Catholic Auxiliary Bishop Juan José Pineda of Tegucigalpa, the capital of Honduras, urged his flock to act consistently with Catholic teachings and resist the wave of violence racking the Central American nation. Delivering a homily on September 2, the bishop recalled that "in the history and lyrics of our national anthem, our heroes and our people have been stained with blood, today Honduras continues to be 'blood-stained' because of violence in the country."
The bishop continued on the theme of the criminal violence that has stained Honduras, one of the poorest countries in Latin America. He said, "In our country there is violence, there is no peace. There is still hatred and do we not see fraternity. For a Christian, it is not enough to go to Mass on Sundays. I am not saying that this celebration is not important, but it must correspond to a coherent life. "
Bishop Pineda urged Christians to fulfill their faith and help the needy, not to "get their hands dirty with violence and the things of this world ," or turn away from God. A just person is not necessarily engaged in extraordinary things, said Bishop Pineda, but lives in an honest manner and has good intentions, and does no harm to others nor slanders his neighbor, or lends money usuriously or burdens the innocent.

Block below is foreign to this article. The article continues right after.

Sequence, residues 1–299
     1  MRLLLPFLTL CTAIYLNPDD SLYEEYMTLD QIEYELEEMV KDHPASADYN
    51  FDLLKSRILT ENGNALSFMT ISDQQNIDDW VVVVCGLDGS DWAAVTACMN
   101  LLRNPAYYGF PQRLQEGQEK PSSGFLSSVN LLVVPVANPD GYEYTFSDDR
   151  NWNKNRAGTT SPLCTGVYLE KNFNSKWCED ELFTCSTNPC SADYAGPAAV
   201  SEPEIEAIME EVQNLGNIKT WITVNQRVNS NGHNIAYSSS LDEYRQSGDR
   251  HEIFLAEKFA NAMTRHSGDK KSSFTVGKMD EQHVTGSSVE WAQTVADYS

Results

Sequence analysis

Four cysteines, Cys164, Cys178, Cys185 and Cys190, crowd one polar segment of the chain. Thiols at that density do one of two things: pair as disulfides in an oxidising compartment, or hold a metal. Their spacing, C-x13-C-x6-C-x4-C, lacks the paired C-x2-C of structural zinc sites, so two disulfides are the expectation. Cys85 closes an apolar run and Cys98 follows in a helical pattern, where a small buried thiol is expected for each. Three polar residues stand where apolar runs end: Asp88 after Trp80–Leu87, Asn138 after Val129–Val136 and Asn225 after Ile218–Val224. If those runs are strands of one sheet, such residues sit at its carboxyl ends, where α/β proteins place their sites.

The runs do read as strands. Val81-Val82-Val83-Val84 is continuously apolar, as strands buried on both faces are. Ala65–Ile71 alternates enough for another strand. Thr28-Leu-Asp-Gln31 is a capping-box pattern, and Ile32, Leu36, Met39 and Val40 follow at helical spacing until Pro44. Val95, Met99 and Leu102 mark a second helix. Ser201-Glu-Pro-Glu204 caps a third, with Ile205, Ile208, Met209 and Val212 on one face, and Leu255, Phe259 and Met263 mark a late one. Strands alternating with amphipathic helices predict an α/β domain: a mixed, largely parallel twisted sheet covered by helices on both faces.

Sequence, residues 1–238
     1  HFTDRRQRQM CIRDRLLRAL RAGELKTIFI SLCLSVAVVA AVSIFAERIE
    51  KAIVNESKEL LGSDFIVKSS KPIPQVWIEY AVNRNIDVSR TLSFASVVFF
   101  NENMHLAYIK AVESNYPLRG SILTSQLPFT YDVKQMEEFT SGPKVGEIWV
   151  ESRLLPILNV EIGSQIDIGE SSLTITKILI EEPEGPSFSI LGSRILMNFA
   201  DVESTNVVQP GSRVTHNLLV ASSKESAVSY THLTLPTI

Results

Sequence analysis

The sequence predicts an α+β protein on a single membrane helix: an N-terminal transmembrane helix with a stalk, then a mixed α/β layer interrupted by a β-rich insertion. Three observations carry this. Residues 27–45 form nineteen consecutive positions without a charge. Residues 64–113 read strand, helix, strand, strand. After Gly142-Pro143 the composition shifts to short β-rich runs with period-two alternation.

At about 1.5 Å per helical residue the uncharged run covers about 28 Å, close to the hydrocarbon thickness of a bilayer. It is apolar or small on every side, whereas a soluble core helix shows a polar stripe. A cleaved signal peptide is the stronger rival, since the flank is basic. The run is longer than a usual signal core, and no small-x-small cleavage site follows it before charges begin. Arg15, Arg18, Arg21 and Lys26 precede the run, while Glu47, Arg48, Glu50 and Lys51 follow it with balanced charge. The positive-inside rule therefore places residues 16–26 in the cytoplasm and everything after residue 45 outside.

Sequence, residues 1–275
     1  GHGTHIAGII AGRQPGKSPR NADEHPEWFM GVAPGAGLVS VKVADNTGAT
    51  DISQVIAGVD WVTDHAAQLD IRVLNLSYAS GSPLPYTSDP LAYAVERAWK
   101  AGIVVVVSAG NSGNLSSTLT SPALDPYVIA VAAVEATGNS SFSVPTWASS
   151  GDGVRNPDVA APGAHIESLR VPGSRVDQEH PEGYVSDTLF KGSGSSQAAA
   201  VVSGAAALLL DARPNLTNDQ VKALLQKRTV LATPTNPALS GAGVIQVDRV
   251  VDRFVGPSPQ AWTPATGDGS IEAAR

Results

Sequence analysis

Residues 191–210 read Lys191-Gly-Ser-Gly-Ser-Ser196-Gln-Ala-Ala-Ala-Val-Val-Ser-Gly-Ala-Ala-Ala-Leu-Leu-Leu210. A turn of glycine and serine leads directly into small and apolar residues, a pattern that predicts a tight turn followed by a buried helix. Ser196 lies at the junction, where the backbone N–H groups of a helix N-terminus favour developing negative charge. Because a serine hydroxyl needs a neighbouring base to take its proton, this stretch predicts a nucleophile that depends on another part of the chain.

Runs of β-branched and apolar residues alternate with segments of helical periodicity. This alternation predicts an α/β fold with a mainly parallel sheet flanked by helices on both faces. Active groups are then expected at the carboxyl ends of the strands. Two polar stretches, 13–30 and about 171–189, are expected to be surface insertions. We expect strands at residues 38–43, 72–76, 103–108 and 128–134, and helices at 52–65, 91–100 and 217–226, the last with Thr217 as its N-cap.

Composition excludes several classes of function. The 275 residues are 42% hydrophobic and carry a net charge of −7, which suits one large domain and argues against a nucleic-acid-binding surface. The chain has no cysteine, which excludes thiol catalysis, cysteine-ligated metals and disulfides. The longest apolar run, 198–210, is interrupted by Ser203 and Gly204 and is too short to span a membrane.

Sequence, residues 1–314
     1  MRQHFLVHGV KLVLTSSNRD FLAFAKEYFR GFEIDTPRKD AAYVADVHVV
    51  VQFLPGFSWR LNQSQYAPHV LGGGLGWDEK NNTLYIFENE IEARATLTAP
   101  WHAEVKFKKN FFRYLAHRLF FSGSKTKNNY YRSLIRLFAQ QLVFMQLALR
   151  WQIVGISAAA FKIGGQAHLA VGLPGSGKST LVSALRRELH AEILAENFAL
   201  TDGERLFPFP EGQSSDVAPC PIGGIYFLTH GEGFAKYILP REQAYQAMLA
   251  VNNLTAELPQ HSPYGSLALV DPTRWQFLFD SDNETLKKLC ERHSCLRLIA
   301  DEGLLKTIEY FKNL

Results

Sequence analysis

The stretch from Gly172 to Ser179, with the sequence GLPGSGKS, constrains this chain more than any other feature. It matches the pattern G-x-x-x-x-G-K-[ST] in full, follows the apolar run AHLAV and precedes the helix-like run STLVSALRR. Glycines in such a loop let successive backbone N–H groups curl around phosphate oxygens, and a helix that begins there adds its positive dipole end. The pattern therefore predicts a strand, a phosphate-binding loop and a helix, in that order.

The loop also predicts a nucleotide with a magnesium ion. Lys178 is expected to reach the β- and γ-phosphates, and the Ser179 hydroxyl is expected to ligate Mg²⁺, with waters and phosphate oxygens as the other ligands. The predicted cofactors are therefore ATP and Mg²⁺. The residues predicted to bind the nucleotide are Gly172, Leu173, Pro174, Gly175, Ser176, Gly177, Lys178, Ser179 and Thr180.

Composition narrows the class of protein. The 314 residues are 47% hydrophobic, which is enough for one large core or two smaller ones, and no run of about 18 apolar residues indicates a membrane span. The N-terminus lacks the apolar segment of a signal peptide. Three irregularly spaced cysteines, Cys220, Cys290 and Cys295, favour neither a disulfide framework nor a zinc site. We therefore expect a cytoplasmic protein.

A report by the the Observatory of Violence, drafted by the National Autonomous University of Honduras (UNAH), noted recently that in 2011 the average daily number of murders had reached 20 victims. The report noted an increase compared to 2010. The total number of deaths due to external causes was 9,799 (7,104 murders, 1,098 road accidents, 730 deaths due to undetermined causes, 551 due to other causes and 316 suicides). Honduras currently has a population of approximately 8.2 million. Approximately 3.7 million people live below the poverty line in this heavily indebted country, while the unemployment rate hovers at around 27 percent. The state of the economy and the infrastructure, heavily damaged by floods and hurricanes over the last 10 years, has driven thousands of impoverished Hondurans to seek employment in the U.S. by traversing Mexico and taking the risk of murder and rape at the hands of criminals along the way.